Five Ways To Stop Your Sugar Cravings

by Aisling Badger May 24, 2017

What happens if you eat too much sugar?

Sugar is a primary life source, and our bodies require it for energy. The body responds quickly to sugar as a fast-acting fuel. Complex sugars in whole foods offer a balanced response to sustaining our blood sugar as they are most often nutrient-rich, and the energy is obtained by breaking down these foods in our digestive process. Refined sugar is unnatural, and gets used quickly in the body as an efficient boost when we need it most, so sometimes it comes in handy. However, the more we count on it, the more our body craves and depends on it. Sugar also triggers the pleasure hormone, dopamine, which leaves us reaching for more as part of our reward and pleasure system.
While cravings can mean many things—including the need to strengthen the adrenal system, monthly hormonal changes, food sensitivities, etc.—cravings are also directly affected by our diet and lifestyle habits. When our blood sugar is low from lack of carbohydrates, protein or fat (the energy-producing nutrients, we crave sugar to keep ourselves going. In Traditional Chinese Medicine (TCM) sugar cravings are seen as a a sign of an underlying deficiency.

Essentially, we are craving nourishment.

Traditionally nourishing and building foods like rice, sweet potatoes, carrots, winter squash, dates, etc. are all sweet in flavor, but also healing and full of substantial nutritional value.

 

How to curb sugar cravings:

1. Stabilize your blood sugar

Not only will this support a healthy endocrine (hormonal) system, it takes away the need for sugar to to keep us going. Eat several small meals or snacks throughout the day, starting with protein for breakfast. Snack often on mineral- and nutrient-dense foods like nuts and seeds, sea vegetables, avocados, goji berries.  Or, snack on foods that contain natural sources of sugar like carrots or bananas, which balance healthy blood sugar over an extended period instead of causing the sharp spike that refined sugar provides.

  • The amino acid L-glutamine has been found to help reduce, and even support sugar cravings by supporting stabilized blood sugar. L-glutamine is found in common foods like chicken, wild fish, good quality eggs, vegetables like beans, beets, cabbage, spinach, carrots, & parsley and fermented foods like miso. Load up on those foods in order to keep your blood sugar healthy and in normal ranges.

2. Take your bitters

Researchers have discovered that bitter substances can block sugar signaling in the brain to soothe the sugar cravings we are experiencing.

The flavors of sweet, umami, and sometimes salt flavors indicate pleasurable tasting notes, are often the flavors that we first prefer as children and then later into our lives. Sour and bitter serve as warning signals for acidity or potential toxins, making our bodies challenge them digestively. It has been well-researched that these flavors can block the receptors in the brain that are craving sugar and excitement. The research out there indicates that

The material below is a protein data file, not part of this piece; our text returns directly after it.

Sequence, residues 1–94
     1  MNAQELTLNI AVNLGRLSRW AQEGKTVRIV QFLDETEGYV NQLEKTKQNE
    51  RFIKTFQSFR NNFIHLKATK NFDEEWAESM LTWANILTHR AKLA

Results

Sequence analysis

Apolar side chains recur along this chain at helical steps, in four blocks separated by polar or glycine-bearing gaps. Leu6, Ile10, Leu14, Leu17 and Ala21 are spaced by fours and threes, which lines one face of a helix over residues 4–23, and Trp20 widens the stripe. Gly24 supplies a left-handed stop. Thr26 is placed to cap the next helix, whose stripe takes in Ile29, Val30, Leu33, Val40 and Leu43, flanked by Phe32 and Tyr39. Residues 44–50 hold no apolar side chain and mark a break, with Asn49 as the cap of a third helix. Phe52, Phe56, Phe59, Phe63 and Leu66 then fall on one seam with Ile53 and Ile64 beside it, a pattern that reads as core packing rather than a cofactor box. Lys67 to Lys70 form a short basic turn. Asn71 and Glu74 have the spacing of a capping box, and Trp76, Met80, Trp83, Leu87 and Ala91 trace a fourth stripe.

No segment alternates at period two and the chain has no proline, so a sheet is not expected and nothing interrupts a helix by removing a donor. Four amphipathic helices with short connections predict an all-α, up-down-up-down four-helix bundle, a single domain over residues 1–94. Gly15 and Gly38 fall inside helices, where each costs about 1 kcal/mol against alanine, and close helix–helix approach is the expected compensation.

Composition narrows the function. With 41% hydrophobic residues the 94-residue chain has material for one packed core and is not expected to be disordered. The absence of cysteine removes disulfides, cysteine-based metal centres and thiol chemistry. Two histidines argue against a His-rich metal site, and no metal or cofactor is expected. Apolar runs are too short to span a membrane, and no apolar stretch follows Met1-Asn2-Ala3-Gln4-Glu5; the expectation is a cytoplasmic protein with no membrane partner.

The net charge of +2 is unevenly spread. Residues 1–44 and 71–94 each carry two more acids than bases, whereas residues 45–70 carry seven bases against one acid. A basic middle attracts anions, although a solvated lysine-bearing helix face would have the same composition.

the bitter taste can have the opposite effect of refined sugar, moderating both hunger and blood sugar.

So not only do you absorb your food and nutrients better by including bitters in your diet before meals, you can use them during times of sugar cravings to support and soothe.

All of our bitter formulas will support sugar cravings and can be powerful support agents throughout the day. If you are new to using bitters, the Maple Bitters are helpful as they contain a small amount of real maple syrup. You get the effect of the bitters herbs, with a tad of sweetness to satisfy the need for sugar.

For an alcohol-free option, try our Apple Cider Vinegar Bitters.

Enjoy approximately ¼ teaspoon (1.2 mL) of our bitters before or after meals– or to curb a sugar craving—up to 6 times daily if needed!

3. Examine your lifestyle and find healthier rewards

Instead of treating yourself to sweets as a way to receive pleasure, retrain your brain to reconnect with other pleasure-inducing habits. Often we reach for sweets when we’re overtired, overworked, stressed, lonely, or bored. Make a list of all the things that bring you happiness and increase endorphins, such as favorite exercises, people you love spending time with, happy places, or meditation practices. Insufficient stress-reducing activities or rest leave us relying on stimulants throughout the day, which deplete our adrenal vitality and and leave us craving ways to stimulate it.

4. Drink plenty of water

Dehydration can sometimes show up in the form of hunger or sugar cravings.

How much water have you actually had during the day? Most people are chronically dehydrated, leaving their bodies continually searching for something to satisfy that feeling and regenerate our cells.

5. Examine your diet—nutrient deficiency is far too common

Are you eating enough of the right things? Fat, protein, the right kind of carbohydrates? Fiber-rich and green foods? These foods are essential to a well-balanced diet, leaving you in less of a deficient place, craving something you aren’t getting. Are you eating too many starchy things or exercising a lot and not getting enough protein or fat?

  • Question nutrition labels—sugars are hidden in everything!
  • Eliminate refined sugars, processed foods and sodas, fruit juices and artificial sweeteners from your diet, and get better at choosing better substitutes.
Aisling Badger
Aisling Badger


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